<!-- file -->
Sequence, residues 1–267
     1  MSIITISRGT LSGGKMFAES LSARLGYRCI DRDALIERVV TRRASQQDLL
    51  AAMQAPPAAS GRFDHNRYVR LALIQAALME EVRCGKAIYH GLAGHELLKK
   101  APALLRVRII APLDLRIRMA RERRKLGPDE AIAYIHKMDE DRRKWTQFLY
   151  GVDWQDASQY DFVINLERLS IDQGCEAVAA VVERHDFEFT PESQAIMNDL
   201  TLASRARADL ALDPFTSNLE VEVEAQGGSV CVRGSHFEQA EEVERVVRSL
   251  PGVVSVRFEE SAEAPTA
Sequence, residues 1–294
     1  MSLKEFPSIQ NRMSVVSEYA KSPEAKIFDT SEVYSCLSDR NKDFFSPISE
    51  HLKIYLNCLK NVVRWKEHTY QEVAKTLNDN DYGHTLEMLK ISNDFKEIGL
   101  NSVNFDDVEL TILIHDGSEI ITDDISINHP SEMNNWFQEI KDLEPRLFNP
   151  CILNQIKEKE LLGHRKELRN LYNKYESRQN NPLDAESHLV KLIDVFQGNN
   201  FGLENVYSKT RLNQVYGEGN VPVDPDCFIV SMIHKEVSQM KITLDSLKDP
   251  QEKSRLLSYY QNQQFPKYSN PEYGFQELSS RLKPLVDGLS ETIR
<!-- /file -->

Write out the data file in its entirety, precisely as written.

Sequence, residues 1–267
     1  MSIITISRGT LSGGKMFAES LSARLGYRCI DRDALIERVV TRRASQQDLL
    51  AAMQAPPAAS GRFDHNRYVR LALIQAALME EVRCGKAIYH GLAGHELLKK
   101  APALLRVRII APLDLRIRMA RERRKLGPDE AIAYIHKMDE DRRKWTQFLY
   151  GVDWQDASQY DFVINLERLS IDQGCEAVAA VVERHDFEFT PESQAIMNDL
   201  TLASRARADL ALDPFTSNLE VEVEAQGGSV CVRGSHFEQA EEVERVVRSL
   251  PGVVSVRFEE SAEAPTA
Sequence, residues 1–294
     1  MSLKEFPSIQ NRMSVVSEYA KSPEAKIFDT SEVYSCLSDR NKDFFSPISE
    51  HLKIYLNCLK NVVRWKEHTY QEVAKTLNDN DYGHTLEMLK ISNDFKEIGL
   101  NSVNFDDVEL TILIHDGSEI ITDDISINHP SEMNNWFQEI KDLEPRLFNP
   151  CILNQIKEKE LLGHRKELRN LYNKYESRQN NPLDAESHLV KLIDVFQGNN
   201  FGLENVYSKT RLNQVYGEGN VPVDPDCFIV SMIHKEVSQM KITLDSLKDP
   251  QEKSRLLSYY QNQQFPKYSN PEYGFQELSS RLKPLVDGLS ETIR